Korean borders vital to China's own security

By Li Xiguang
0 CommentsPrint E-mail Global Times, November 30, 2010
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Last week, as soon as I heard the clouds of war were once again threatening the Korean Peninsula, I walked into the Western Hills of Beijing, where I lit incense and prayed in front of the Ksitigarbha Bodhisattva, originally a Korean monk who came to China, in the peaceful temple that bears his name.

I prayed not only for the people of both Koreas. I also prayed for a long-lasting peaceful environment for the Chinese people, and particularly for the people living in the three provinces near North Korea.

The current dangerous situation on the Korean Peninsula results from a crusade mentality held by people in both the North and the South, who have for decades strongly regarded each other as un-Korean blasphemers.

Over one hundred years ago, the First Sino-Japanese War (1894-95) broke out near Weihai in the Yellow Sea, where Chinese naval forces were defeated. Pyongyang was occupied by the Japanese army. At the end of the war, China ceded Taiwan, Penghu Islands and part of Liaoning to Japan and allowed Korea to be colonized by Japan.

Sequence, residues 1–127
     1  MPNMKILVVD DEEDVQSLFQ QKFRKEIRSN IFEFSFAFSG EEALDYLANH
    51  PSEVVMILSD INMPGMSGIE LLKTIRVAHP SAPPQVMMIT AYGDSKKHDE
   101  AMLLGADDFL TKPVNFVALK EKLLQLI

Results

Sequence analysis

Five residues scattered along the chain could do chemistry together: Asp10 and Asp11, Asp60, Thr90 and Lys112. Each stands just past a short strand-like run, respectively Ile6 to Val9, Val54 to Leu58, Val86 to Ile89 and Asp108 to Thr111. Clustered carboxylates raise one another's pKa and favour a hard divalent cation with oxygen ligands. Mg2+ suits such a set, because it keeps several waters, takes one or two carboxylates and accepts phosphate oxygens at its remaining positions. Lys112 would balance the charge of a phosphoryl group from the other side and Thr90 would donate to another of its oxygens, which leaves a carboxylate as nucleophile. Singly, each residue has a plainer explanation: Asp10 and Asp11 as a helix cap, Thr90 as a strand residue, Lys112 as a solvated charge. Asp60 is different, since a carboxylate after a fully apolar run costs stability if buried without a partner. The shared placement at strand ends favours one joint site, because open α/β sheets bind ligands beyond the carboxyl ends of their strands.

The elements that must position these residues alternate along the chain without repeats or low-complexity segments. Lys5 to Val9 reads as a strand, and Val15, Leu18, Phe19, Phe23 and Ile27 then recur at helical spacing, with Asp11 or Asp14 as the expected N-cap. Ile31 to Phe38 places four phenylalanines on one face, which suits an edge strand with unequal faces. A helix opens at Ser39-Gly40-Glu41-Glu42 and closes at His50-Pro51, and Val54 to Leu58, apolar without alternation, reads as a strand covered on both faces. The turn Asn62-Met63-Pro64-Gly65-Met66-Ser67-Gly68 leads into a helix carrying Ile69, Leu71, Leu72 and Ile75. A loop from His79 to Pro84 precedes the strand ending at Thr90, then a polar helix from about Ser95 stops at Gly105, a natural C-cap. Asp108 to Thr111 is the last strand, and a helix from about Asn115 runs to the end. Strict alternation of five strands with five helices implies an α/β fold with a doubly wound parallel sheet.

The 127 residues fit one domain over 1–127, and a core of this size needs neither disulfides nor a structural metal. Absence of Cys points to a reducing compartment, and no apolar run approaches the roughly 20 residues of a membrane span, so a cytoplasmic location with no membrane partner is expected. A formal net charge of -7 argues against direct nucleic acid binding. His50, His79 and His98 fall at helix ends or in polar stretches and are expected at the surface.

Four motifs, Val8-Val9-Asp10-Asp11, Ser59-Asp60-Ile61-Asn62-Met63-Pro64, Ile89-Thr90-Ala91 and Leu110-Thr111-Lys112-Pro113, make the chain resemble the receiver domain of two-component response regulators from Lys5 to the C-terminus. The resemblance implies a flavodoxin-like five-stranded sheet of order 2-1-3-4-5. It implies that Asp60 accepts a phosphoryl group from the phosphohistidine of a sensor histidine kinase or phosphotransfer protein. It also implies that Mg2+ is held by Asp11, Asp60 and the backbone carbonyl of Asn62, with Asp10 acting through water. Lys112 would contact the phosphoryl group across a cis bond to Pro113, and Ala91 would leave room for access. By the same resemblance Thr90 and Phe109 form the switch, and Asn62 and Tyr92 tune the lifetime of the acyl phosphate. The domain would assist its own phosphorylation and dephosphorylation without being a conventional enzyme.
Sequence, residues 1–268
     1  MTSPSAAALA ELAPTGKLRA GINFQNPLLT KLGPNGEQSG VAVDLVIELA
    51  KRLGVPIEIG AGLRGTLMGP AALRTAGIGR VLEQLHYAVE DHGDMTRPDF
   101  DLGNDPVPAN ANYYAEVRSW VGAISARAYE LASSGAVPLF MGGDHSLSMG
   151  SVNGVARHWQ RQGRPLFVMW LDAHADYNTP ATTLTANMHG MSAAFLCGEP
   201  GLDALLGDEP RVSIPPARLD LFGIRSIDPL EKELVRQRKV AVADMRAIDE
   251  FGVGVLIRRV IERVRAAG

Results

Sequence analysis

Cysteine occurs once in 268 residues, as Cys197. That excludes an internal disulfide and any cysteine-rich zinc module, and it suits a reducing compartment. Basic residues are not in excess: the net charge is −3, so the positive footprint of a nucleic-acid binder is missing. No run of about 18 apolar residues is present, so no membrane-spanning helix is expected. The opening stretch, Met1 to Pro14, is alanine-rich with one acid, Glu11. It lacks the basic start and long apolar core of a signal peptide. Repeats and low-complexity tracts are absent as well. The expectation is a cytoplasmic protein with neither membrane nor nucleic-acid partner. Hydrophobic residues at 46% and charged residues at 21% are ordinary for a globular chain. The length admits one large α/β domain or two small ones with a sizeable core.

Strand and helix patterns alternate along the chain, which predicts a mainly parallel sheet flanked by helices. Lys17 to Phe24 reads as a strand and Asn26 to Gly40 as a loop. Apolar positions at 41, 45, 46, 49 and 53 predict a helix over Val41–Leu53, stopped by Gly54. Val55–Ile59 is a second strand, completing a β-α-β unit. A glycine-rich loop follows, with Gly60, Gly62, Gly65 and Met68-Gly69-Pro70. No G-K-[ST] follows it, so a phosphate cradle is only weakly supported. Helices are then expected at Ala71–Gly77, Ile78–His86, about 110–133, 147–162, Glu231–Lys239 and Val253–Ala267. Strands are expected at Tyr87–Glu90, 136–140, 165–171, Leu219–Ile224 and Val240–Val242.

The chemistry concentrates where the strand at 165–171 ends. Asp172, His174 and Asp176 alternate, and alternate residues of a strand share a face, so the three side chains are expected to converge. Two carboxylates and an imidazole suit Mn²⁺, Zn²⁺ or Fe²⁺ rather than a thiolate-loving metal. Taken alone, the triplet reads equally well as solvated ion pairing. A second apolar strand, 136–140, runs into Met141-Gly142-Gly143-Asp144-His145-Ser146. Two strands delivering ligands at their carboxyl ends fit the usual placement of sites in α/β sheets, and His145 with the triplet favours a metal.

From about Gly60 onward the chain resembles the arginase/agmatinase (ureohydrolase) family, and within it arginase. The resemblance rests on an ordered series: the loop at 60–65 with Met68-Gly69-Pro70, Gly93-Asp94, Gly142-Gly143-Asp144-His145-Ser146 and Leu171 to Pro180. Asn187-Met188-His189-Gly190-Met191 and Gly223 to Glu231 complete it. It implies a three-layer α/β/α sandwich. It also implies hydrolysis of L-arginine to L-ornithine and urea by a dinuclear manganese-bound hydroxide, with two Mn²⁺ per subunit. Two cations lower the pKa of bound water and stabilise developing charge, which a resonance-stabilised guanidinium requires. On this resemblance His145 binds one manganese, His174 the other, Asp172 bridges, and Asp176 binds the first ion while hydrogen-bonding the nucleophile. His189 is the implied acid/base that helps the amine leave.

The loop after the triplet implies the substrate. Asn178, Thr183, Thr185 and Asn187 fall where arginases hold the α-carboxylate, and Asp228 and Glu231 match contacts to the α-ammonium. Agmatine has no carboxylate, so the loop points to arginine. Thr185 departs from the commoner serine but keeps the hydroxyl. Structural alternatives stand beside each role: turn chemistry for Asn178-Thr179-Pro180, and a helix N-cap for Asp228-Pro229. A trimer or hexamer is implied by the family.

Any war in Korea would eventually drag China in. With China's geopolitical strategy and national security in mind, we know the North Korean issue is crucial to the safety and peace of China's border.

The Chinese government must have courage and wisdom to tackle the Korean issue. China should maximize the peace and security interest for its northeastern provinces and make the issue the cornerstone of China's Korean policies.

If North Korea goes to war, millions of Korean refugees might flee north into China. China would be forced to use police and military to contain them, which could lead to international condemnation.

In their speeches, the leaders of South Korea and the US have all anticipated that the northern regime might collapse shortly after a war broke out.

The US and South Korea army would take over the defense of the North, from Pyongyang to the Yalu River, with American soldiers patrolling the 1,300-kilometer border between China and North Korea, currently undefended.

China should deal with North Korean issue in the way it deals with its other neighbors like Pakistan and Nepal. No matter what kind of political system these countries adopt and who is in power, these countries will always be the most important countries of China's core national interests.

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